This presents a puzzle: Why do people distrust or dispute so many aspects of science, but unanimously accept, without question, the ridiculously specific predictions on offer for every eclipse?

Why the selective denial of science?

One possible reason is that we’ve been right on eclipses every time before. But for most people, a total eclipse is a once-in-a-lifetime experience. Most people won’t have experienced such predictions first hand, and will have to take it on trust that what’s happened before for others will happen again for them.

Another explanation might be that, unlike the case for climate change or vaccinations, the science behind eclipses is simple and uncontroversial. While it’s true that astronomers have been making reasonably accurate eclipse predictions for thousands of years, the required calculations are highly complex, extending far beyond the mathematics covered in high school or even in many university courses. Most people would find it difficult to reproduce or confirm any of these eclipse predictions for themselves.

The more likely answer is that eclipses are not a threat. There is nothing at stake. Eclipses do not endanger our way of life or our standard of living. Nobody fears that eclipses might have economic implications, could challenge our belief system, or threaten our children. There are no anti-eclipse lobby groups trying to set the narrative, and there are thus no well-funded advertising campaigns or scientific studies that aim to raise doubts in our minds or to subtly shape our thinking.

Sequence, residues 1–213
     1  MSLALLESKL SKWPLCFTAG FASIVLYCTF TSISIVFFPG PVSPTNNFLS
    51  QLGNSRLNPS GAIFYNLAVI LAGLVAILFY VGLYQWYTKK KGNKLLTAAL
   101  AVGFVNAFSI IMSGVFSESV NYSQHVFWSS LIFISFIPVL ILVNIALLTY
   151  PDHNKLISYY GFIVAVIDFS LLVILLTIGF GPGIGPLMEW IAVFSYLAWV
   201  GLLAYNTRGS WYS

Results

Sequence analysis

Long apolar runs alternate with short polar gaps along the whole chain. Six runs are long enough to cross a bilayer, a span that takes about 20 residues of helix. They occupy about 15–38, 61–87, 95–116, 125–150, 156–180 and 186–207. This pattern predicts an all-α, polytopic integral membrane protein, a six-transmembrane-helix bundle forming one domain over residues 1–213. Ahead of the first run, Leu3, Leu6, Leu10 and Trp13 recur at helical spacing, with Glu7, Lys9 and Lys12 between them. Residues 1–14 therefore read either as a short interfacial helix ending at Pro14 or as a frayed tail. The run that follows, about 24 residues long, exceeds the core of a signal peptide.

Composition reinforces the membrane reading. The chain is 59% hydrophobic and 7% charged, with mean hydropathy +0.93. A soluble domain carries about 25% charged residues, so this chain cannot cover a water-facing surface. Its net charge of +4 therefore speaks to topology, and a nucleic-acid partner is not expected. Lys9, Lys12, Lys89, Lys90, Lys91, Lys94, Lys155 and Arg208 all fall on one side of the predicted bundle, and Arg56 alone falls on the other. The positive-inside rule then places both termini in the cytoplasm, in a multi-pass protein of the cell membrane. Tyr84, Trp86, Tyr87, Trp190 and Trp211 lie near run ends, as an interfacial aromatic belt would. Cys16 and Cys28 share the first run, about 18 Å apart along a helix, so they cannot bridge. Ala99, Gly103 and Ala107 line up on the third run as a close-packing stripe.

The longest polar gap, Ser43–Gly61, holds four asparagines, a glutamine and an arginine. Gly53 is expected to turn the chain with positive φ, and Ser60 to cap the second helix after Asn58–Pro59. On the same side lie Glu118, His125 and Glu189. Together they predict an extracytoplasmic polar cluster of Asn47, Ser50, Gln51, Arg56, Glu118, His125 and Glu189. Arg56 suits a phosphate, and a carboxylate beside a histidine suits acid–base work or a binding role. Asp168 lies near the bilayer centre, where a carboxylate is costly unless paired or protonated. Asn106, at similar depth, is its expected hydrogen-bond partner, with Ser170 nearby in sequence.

Laws of science

Eclipses are agenda-free. The science—and the resulting extraordinary experience—are left to speak for themselves.

The problem is that we don’t get to pick and choose what scientific facts or consensuses are controversial, and which are not. The same strict laws of science are everywhere.

So if you’re comfortable putting down your non-refundable deposit for your eclipse hotel, if you let a steel tube flying at 30,000 feet carry you to a town under the path of totality, if on the morning of Aug. 21 you check the weather forecast hoping for clear skies, if you pay for breakfast with your credit card, and if that afternoon you snap a picture of the eclipse with your smartphone, then you have staked your bank balance, your August vacation and your very life on the fact that science is testable and reproducible, and that faulty theories can’t withstand extended scrutiny and testing.

Total solar eclipses are a strange cosmic coincidence and a remarkable, awe-inspiring experience. But they are also a profound reminder that when the emotions, money and politics are stripped away, none of us, at our core, are science deniers.

This article was originally published on The Conversation. Read the original article.

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